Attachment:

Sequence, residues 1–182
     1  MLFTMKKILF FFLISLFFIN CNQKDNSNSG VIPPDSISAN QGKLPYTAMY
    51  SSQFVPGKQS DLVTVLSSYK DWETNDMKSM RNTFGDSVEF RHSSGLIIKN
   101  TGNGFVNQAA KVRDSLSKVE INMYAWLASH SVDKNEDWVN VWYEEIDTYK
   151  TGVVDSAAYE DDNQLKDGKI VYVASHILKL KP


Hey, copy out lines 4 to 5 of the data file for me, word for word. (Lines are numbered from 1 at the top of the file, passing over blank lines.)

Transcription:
   101  TGNGFVNQAA KVRDSLSKVE INMYAWLASH SVDKNEDWVN VWYEEIDTYK
   151  TGVVDSAAYE DDNQLKDGKI VYVASHILKL KP